Let's get down to it then: it's a real-time strategy game which, while it may be leading on PC, is due out at the same time on PS3 and Xbox 360. And when it comes to real-time strategy on consoles, all anyone ever wants to debate is compromises and dumbing down. Want to know why RTS games usually don't work on consoles? The fact we operate from the assumption that they won't work probably has something to do with it.
What's more, Eugen Systems' RUSE is doubly damned, because it's also set in World War II. So if we get bored patronising the console controls in previews, we can always move on to the line about how there's plenty of World War II to go around, and pretend Relic hasn't beaten everyone to the critical Berlin with Company of Heroes.
RUSE project coordinator Mathieu Girard, however, seems quite relaxed on both fronts. Controls? Well, he says, RUSE doesn't have the same problems as other games, for several reasons. It excises a lot of micromanagement, for one. You don't have to tell your tanks to run away when they're being shot, or that they should engage when the enemy's nearly within range; they know what they're doing. And thanks to the impressive Iriszoom engine, you don't need a mini-map, because there are three main zoom levels, which you can move quickly between with the right stick (mousewheel on PC).
And World War II? We need World War II, says Girard. "It's the last historical war on a world scale with all the units we know nowadays," he notes. "When you do a modern war game, you have to understand about electronics, radar jamming and stuff like that, which is a bit complex." The point being that even a console dullard can tell which end of a tank does what, and that flamethrower attacks probably don't work out well for artillery unit hiding in the forest.
Still, simplicity and familiarity aren't the typical answers you get when someone's asked to justify their game design decisions. In RUSE's case though, it seems to make sense: you need to be at ease, because battles are won or lost not just on the strength of your reflexes and unit selection, but perhaps even primarily because of the tricks you use to deceive the opposition, the eponymous ruses.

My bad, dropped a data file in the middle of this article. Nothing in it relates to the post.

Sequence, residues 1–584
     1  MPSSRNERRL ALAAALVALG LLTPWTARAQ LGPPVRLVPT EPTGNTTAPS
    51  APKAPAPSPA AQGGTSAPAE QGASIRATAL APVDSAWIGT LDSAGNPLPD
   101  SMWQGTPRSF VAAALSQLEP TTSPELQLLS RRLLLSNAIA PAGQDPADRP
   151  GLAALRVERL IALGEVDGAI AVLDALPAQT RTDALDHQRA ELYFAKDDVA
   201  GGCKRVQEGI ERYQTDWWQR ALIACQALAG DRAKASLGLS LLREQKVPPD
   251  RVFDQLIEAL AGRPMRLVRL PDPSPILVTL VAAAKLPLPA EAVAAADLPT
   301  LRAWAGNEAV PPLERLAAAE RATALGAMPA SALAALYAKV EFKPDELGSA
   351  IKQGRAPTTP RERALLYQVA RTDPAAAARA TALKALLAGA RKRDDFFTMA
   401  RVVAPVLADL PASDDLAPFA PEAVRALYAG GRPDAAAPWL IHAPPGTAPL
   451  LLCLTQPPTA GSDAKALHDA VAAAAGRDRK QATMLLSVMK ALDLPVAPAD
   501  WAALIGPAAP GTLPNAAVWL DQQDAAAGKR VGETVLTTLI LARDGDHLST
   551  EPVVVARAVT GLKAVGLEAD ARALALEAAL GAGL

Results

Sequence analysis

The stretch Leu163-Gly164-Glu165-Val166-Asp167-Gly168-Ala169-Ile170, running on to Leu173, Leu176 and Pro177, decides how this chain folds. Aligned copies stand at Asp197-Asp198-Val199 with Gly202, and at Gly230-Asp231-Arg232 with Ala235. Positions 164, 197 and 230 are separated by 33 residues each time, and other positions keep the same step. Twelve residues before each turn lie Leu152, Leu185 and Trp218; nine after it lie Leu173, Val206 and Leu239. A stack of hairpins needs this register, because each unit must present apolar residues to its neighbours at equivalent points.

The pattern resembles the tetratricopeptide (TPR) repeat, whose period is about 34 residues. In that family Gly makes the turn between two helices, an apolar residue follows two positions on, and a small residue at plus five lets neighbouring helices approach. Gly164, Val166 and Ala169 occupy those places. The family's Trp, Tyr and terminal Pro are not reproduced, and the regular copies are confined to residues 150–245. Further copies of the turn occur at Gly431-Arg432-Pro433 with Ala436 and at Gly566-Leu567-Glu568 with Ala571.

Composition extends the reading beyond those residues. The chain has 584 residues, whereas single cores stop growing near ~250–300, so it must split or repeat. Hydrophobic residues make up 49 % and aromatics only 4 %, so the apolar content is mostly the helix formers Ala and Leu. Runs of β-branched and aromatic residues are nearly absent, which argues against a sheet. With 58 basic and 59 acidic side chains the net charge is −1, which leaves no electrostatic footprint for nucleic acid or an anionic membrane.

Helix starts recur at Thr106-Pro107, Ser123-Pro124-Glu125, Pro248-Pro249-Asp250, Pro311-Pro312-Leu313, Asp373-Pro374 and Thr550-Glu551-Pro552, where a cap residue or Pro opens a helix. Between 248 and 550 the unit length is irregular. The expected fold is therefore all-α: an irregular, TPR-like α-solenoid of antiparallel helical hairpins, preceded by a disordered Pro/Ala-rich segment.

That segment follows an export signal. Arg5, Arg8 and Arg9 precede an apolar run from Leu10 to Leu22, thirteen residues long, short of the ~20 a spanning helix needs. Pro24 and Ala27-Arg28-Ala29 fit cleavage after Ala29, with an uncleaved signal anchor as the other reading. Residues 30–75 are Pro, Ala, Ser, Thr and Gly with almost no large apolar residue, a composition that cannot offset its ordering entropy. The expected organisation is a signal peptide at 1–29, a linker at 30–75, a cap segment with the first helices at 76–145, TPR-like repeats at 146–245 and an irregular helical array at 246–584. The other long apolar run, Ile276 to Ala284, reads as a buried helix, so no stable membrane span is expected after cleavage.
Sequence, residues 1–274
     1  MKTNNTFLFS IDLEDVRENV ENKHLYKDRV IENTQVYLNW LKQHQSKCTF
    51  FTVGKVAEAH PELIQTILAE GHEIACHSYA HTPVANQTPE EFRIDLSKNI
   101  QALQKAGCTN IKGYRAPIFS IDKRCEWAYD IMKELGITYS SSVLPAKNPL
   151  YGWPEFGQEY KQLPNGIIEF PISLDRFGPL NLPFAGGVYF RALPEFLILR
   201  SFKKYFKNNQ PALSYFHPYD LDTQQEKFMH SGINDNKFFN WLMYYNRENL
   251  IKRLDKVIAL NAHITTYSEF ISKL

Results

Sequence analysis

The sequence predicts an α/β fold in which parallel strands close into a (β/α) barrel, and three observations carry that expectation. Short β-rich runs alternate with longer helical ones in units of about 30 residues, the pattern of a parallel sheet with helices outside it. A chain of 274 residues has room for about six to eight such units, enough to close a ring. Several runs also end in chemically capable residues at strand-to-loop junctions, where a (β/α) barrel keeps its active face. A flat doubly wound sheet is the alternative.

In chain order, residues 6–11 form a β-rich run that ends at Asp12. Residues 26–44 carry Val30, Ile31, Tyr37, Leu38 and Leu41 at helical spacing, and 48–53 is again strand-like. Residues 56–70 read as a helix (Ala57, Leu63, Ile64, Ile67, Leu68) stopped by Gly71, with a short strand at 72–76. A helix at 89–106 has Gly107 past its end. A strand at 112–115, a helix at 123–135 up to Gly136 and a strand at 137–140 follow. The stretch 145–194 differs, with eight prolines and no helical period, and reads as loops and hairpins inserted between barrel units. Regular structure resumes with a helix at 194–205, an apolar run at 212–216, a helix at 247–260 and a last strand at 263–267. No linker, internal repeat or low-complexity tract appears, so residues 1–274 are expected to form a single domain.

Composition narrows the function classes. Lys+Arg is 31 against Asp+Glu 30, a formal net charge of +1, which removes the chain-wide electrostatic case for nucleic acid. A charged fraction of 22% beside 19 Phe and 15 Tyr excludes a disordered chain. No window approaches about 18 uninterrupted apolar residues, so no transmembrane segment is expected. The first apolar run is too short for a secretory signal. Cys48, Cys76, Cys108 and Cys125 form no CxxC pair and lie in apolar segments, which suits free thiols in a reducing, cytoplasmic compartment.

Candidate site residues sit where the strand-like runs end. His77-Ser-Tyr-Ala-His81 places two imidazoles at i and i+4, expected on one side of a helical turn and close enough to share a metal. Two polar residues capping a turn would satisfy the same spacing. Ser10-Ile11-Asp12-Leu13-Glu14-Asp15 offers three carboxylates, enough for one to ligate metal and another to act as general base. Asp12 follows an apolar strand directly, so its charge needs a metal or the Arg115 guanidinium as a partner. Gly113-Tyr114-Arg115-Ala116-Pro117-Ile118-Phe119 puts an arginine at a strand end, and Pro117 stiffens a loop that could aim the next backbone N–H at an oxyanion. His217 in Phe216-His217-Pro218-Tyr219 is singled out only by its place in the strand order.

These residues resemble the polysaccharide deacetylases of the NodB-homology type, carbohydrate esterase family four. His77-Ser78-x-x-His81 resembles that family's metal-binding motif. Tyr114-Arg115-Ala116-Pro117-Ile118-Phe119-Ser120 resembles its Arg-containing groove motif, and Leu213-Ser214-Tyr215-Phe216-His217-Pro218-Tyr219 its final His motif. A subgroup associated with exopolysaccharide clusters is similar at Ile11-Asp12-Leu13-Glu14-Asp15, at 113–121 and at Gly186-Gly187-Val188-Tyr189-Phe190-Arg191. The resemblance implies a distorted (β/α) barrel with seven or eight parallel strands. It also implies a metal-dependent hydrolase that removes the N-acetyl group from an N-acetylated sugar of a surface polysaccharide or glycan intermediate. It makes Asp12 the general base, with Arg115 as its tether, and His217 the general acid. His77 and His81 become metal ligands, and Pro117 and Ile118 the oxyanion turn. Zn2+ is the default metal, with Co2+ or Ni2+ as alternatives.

The idea with these, as you may know, is to deploy them to give yourself an unfair advantage, albeit temporarily. You can send a decoy army down one flank - in reality it's a couple of guys and some cardboard cut-out tanks - and as the enemy rushes to defend you can drive your main force right into their base from the opposite direction. Or you can use a decryption plan ruse to observe enemy movements within a certain sector. Spy plane identifies units and bases within a set area, while the camouflage ruse shields them from sight, and radio silence allows you to move around without being noticed. Coupled with Eugen's clever use of fog-of-war - showing you enemy positions but only identifying the specific units when you're within line-of-sight - it makes for a broad range of tactical possibilities.
One danger, of course, is that ruses come across as gimmickry, but having now played two single-player missions - defending against a Fliegerkorps attack in Tunisia, and liberating Monte Cassino in Italy with British naval support - they actually feel quite natural. Girard points out that this is because World War II basically did work like this. "It's a very good example of lots of use of espionage - breaking codes, the Ultra machine, the Enigma, or Japanese bombers attacking Pearl Harbor under radio silence. There were decoy units in the war - Rommel used them, the British used them." He says some of the individual ruse ideas presented themselves through the setting, and the core World War II RTS game as it took shape, rather than being imposed upon it by the team.
The Tunisia level, the bigger of the two I get to play, is said to be most representative of single-player levels in the campaign. It begins as you take control of a few tank units in a valley, heading towards open desert and the town of Gafsa, and Girard's point about the controls is immediately proven. You move a central cursor around with the left stick and the camera follows. When you hover over a unit, you can click A to select it, hold right trigger to drag select, or hit X to select every unit of that type. B deselects. Then you move your cursor to where you want to go and send your men on their way. It's so simple that I barely need my Eugen chaperone to explain it.
As you reach the mouth of the desert, it's ringed with German armoured teeth. Your tanks are more than a match for them, but your overzealous British allies quickly run into problems outside Gafsa as they're picked off by artillery in nearby trees, and any tanks rumbling into the town itself are smashed by infantry, who are better placed to disrupt them in the tight corridors of African buildings. Fortunately, you're soon reinforced by flame units. Up to now it's fairly simple, inline tutorial stuff: pay attention to terrain, beware the fog-of-war system, etc. Now it gets serious.